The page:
Recently, my colleagues and I at NSF International's Applied Research Center (ARC) discovered a new bacterium, Klebsiella michiganensis, lurking on a toothbrush holder. This unique coliform bacterium is a member of the same family as E. coli, a species typically found in human intestines and fecal matter. Some bacteria in the genus Klebsiella are pathogenic and drug-resistant, including K. pneumonia, which can cause pneumonia and respiratory tract and urinary tract infections.

K. michiganensis has a capsule structure with a slimy surface that helps it attach to mucus membranes and evade immune system responses, which may lead to infection because the bacterium is difficult to break down. Sticky bacteria like K. michiganensis also attract other bacteria that join together in communities to build biofilms, which are a common cause of persistent infections.

Biofilms (thin, slimy films of bacteria) can form on surfaces such as human and animal tissues, metal and plastic. Biofilms are more resistant to disinfection — and much more difficult to clean and remove from surfaces — than single (planktonic) bacteria. Biofilms are resilient because they consist of many different types of individual bacteria that literally stick together and release a viscous substance that forms a protective barrier around the entire group.

Our team discovered the new bacterium as part of a series of germ studies to investigate microbial hot spots in the home. These studies are part of NSF International's mission to protect public health and to clear up common misconceptions about where the highest concentration of germs are found in homes, schools and other environments.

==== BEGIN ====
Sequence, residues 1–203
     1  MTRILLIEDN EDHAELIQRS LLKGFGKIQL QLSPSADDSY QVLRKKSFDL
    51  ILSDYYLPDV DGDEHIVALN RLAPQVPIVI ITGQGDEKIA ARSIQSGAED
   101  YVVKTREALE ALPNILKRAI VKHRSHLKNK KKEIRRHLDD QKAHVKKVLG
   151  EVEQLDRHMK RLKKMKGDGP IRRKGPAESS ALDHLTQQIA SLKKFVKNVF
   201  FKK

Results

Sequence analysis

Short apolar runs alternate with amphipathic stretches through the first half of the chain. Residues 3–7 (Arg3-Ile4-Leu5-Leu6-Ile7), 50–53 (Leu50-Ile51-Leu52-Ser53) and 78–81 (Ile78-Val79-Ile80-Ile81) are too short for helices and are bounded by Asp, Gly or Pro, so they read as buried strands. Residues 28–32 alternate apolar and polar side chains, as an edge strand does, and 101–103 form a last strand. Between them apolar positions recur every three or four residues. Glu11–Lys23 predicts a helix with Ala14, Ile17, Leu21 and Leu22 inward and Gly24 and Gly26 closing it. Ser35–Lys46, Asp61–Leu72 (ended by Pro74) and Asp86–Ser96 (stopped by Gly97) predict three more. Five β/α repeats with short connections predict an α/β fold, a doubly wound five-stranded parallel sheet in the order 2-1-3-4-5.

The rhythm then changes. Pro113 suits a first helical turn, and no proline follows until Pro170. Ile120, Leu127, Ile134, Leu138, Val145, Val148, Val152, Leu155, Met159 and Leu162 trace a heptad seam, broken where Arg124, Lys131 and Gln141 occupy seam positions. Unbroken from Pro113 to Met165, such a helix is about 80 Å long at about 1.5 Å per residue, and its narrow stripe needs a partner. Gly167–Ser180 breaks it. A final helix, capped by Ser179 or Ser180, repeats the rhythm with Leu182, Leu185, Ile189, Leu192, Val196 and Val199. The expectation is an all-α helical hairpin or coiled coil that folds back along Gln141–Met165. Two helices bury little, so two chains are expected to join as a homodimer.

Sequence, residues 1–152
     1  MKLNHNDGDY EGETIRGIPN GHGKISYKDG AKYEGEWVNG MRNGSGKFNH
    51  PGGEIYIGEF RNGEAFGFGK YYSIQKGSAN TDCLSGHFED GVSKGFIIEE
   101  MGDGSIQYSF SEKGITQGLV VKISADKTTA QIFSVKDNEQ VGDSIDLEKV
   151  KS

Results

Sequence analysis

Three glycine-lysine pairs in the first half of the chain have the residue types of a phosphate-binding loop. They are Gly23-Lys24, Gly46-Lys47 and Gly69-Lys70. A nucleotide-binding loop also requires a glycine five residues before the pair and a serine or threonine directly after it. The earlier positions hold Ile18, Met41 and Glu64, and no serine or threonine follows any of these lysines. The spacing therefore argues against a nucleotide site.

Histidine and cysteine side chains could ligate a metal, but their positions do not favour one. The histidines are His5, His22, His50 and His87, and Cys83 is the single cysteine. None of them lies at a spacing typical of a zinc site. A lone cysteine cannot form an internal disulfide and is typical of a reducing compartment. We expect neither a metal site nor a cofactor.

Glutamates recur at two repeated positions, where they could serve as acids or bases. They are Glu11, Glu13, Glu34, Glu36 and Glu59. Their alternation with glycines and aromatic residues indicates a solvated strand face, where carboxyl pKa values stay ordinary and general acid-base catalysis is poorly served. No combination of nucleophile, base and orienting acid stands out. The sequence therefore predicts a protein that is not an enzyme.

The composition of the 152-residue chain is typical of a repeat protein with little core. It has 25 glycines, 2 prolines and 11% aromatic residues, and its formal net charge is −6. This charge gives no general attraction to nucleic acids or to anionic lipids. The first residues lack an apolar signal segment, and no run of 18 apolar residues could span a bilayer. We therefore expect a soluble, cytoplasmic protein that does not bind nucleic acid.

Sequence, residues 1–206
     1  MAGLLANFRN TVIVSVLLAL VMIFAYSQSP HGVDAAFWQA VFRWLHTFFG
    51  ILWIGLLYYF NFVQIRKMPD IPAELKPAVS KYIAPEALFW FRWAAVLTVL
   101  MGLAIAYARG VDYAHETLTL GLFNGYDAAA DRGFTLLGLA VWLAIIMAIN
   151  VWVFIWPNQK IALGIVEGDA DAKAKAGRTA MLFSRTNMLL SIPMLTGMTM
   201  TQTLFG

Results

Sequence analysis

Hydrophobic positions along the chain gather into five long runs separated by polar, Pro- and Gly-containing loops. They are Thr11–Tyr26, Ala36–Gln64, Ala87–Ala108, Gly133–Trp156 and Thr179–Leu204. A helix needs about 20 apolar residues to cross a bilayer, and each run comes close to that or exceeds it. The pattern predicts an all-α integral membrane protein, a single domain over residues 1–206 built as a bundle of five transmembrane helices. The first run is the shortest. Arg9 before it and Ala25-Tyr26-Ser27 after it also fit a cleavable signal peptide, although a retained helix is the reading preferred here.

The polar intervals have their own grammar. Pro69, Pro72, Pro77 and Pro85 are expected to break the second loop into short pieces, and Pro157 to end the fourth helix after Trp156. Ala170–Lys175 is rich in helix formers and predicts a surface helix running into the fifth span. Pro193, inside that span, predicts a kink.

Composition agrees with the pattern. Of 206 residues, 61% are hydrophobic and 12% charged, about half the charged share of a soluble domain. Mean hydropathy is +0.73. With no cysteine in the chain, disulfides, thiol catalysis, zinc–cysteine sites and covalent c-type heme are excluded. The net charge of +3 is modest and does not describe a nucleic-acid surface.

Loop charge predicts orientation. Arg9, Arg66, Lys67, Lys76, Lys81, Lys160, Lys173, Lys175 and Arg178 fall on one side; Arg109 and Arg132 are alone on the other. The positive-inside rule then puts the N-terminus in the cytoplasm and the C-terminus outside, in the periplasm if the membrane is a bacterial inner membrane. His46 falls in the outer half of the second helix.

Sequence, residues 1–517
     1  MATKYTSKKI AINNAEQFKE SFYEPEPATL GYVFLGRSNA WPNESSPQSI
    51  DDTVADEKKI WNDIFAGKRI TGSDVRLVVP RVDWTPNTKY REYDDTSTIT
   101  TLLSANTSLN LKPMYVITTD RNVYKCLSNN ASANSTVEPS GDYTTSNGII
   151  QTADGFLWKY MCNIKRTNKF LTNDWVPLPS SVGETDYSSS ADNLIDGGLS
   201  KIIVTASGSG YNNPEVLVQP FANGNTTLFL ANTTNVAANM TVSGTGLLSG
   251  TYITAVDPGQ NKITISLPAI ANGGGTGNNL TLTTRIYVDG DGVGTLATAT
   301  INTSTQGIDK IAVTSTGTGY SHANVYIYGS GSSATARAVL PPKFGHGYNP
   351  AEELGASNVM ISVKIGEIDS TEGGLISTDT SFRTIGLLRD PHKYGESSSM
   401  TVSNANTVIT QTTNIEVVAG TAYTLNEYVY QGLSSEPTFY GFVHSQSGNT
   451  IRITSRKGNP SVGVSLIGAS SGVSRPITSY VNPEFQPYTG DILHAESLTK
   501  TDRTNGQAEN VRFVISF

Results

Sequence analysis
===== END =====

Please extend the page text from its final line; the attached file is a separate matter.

The ARC conducts original research in microbiology, toxicology and chemistry foruniversities, regulatory bodies and industry scientists. For the recent studies, NSF International microbiologists tested 30 everyday household items — from swabs collected by volunteer families — to measure contamination levels of yeast, mold and coliform bacteria.

One particular germ, found on a toothbrush holder, did not match any known bacterium ID. NSF International microbiologists used biochemical tests to identify the organism as a member of the Enterobacteriaceae family, but hired Accugenix Inc. — a company specializing in bacterial and fungal identification and strain typing of environmental isolates — to provide a specific genus and species identification. Using proprietary gene sequencing methods and an extensive database, Accugenix confirmed the bacterium was novel and placed it in the genus Klebsiella.

NSF International scientists conducted further genetic testing, determined it was indeed a unique species, and named the isolate Klebsiella michiganensis for the state in which it was discovered.

Researchers confirmed that no one in the household that submitted the toothbrush holder had recently been traveling or was sick, thus ruling out that the germ originated outside the United States or in a hospital setting. A potential source of the bacterium could be fecal matter that settled on the toothbrush holder (either from flushing the toilet with the lid open or from contact with pets). There, the bacterium grew in the warm, moist environment.

Keep it clean